311.2 mm bit 244.5 mm casing (coupling OD = 269.9 mm) Minimum Drill Collar Size = 2 x (269.9 mm) - 311.2 mm = 228.6 mm OD

Bit misalignment can be controlled through use of appropriate size drill collars. An alternate method of control is through the use of stabilized bottom hole assemblies, particularly when drilling with diamond bits, journal bearing or sealed bearing bits. Reasons for Using Stabilizers 1. The placement and gauge of stabilizers are used as the fundamental method of controlling the directional behavior of most bottom hole assemblies. 2. Stabilizers help concentrate the weight of the BHA on the drill bit. 3. Stabilizers resist loading the bit in any direction other than the hole axis. 4. Stabilizers minimize bending and vibrations, which cause tool joint wear and damage to BHA components such as, MWD tools. 5. Stabilizers reduce drilling torque by preventing collar contact with the side of the hole and by keeping the collars concentric in the hole but also add torque due to their side-loading. 6. Stabilizers help prevent differential sticking and key seating. Available Types of Stabilizers 1. Integral blade stabilizers 2. Welded blade stabilizers 3. Replaceable sleeve stabilizers 4. Non-rotating rubber sleeve stabilizers 5. Replaceable wear pad stabilizers 6. Roller reamers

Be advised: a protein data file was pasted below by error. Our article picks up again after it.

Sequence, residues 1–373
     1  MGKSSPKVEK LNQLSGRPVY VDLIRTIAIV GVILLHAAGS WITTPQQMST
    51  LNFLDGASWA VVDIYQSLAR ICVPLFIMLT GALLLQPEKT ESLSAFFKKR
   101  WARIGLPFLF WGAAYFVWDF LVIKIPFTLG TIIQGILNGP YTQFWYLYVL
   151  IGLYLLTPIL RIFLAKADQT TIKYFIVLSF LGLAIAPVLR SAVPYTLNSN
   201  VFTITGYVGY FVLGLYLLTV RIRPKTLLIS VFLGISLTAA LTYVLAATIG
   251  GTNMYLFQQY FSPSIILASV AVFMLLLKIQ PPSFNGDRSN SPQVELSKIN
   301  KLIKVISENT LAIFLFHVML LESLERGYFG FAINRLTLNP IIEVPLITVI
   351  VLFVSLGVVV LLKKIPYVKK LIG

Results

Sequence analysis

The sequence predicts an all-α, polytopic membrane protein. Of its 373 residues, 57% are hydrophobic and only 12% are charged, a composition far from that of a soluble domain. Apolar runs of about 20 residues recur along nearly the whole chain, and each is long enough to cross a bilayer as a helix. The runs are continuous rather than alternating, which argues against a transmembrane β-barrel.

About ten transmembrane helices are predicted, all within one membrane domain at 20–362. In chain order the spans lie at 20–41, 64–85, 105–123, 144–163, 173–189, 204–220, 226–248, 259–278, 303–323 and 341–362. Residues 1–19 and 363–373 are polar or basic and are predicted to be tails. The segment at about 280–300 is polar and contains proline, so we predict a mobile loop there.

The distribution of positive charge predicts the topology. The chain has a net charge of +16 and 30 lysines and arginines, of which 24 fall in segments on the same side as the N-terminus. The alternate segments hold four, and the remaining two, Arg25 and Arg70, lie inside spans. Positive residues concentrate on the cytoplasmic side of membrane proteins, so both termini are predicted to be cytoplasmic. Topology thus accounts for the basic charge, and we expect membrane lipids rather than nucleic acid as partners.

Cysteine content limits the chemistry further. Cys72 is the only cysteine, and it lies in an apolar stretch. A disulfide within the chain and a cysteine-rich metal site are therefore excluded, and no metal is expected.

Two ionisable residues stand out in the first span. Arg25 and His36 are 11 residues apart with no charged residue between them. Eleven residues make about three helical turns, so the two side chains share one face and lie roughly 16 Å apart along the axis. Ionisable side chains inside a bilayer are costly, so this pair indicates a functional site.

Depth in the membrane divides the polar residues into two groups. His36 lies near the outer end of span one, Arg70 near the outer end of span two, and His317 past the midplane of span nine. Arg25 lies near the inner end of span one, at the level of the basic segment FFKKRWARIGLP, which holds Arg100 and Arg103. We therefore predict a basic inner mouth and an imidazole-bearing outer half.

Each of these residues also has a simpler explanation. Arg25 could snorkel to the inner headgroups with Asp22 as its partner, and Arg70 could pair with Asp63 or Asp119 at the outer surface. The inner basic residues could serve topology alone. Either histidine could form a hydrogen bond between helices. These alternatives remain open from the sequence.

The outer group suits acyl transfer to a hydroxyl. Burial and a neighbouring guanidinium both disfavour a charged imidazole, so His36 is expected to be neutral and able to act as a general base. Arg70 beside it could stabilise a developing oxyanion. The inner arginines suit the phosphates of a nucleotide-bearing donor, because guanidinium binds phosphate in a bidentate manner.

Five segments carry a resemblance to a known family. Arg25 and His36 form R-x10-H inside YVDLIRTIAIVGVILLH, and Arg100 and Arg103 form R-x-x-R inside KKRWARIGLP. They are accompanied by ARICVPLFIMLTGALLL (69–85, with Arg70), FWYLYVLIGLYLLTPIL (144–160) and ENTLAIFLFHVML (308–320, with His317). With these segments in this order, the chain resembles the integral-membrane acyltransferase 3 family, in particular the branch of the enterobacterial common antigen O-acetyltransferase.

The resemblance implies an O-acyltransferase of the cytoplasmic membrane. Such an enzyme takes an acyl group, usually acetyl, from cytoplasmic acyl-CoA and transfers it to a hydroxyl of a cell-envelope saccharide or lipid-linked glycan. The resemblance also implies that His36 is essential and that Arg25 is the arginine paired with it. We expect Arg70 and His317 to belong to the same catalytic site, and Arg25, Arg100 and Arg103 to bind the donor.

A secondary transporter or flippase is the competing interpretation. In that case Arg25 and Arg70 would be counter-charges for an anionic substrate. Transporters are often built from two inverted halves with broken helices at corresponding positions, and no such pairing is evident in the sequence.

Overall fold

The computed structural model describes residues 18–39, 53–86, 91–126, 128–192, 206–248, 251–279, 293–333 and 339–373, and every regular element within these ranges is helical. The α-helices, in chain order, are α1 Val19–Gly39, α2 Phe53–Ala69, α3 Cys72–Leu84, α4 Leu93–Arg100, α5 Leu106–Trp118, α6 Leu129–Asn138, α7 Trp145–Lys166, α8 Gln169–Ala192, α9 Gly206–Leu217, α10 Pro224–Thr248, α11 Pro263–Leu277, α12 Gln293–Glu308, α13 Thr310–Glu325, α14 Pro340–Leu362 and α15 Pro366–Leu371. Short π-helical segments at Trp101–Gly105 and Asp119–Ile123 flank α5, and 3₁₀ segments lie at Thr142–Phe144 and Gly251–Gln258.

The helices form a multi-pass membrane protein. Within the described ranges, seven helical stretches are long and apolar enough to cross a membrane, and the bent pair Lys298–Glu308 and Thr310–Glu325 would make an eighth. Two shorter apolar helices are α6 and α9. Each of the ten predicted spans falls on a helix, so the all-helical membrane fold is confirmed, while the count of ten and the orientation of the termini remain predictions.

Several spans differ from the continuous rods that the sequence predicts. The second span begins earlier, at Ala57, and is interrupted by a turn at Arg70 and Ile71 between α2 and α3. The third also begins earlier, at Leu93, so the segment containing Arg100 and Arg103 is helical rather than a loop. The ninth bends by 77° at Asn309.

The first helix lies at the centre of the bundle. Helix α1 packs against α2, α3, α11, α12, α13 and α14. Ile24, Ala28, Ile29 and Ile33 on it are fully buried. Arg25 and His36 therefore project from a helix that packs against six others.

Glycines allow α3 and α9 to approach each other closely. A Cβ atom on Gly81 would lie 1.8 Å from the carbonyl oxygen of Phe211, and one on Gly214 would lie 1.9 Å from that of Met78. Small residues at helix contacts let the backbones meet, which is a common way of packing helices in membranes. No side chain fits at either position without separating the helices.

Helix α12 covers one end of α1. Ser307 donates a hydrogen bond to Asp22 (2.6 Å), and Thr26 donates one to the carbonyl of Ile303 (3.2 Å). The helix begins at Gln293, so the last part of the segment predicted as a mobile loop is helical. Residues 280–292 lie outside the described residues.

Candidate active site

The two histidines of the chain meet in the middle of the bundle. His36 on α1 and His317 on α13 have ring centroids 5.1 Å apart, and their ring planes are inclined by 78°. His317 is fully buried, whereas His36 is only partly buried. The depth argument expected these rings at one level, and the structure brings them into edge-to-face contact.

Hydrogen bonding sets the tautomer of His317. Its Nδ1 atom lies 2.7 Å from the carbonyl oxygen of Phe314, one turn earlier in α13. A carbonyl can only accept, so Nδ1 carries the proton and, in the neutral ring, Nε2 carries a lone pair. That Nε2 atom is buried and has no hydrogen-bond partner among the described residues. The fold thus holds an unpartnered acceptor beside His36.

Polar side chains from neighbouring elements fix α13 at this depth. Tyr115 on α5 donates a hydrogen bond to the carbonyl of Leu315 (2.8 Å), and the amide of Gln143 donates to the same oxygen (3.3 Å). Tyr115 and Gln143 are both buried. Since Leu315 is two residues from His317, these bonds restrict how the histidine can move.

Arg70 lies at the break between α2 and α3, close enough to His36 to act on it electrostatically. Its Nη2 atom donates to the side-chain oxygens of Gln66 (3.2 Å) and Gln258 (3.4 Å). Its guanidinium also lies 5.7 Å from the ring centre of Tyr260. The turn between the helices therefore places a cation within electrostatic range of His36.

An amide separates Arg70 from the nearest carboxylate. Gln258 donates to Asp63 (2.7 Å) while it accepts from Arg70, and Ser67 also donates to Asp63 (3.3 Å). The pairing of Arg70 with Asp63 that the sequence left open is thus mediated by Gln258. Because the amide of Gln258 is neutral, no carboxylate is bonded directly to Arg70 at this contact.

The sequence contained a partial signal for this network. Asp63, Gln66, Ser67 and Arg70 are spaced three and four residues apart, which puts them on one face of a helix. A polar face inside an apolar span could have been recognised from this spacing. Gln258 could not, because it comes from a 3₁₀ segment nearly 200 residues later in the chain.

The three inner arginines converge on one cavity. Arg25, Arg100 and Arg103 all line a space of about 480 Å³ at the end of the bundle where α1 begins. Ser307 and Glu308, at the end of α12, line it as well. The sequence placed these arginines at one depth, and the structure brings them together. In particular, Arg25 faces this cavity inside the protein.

7. Combination reamers/stabilizers Types of Stabilizers There are three basic types of stabilizing tools with some variations of each available: a) Rotating Blade Type b) Non-Rotating Sleeve Type c) Roller Reamer Type

Rotating Blade Type

Can be a straight blade or a spiral blade (short or long blade) configuration. Rotating blade stabilizers are available in two types - shop repairable - rig repairable. Are Integral Blade, Welded Blade or Shrunk on sleeve construction.

Integral Blade Stabilizer

They are made from one piece of material rolled and machined to provide the blades and are more expensive then welded-blade stabilizers. The leading edge may be rounded off to reduce wall damage and provide a greater wall contact area in soft formations. They can have either three or four blades. They normally have tungsten carbide inserts (TCI). Pressed in TCI are recommended in abrasive formations i.e. hard limestone, dolomites, sandy shales, chert, quartzite, and quartzitic sands since they tend to stay in gauge longer than welded blade stabilizers. Two main designs are available - spiral blade configuration for maximum wall contact and cloverleaf (straight blades) for less drag when not rotating. Integral blade stabilizers have longer blades and larger wall contact surface areas and are therefore good for maintaining angle and direction. They can be used as a near-bit stabilizer when angle build is required and a good rate of build will be obtained.